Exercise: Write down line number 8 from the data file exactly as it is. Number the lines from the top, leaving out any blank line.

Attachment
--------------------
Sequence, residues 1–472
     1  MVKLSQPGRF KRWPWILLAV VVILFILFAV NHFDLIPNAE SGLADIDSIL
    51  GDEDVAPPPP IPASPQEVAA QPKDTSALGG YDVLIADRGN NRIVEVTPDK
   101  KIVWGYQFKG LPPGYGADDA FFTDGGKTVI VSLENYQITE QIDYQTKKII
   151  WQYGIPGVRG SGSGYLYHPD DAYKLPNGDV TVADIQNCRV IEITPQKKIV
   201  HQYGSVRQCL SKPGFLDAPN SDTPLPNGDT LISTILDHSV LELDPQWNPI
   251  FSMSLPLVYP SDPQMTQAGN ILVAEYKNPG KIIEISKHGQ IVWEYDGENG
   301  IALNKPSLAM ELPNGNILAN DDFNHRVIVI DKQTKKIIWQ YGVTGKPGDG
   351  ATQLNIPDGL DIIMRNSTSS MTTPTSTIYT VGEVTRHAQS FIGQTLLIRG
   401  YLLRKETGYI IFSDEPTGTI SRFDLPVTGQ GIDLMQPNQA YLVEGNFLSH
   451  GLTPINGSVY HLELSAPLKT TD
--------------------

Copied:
   301  IALNKPSLAM ELPNGNILAN DDFNHRVIVI DKQTKKIIWQ YGVTGKPGDG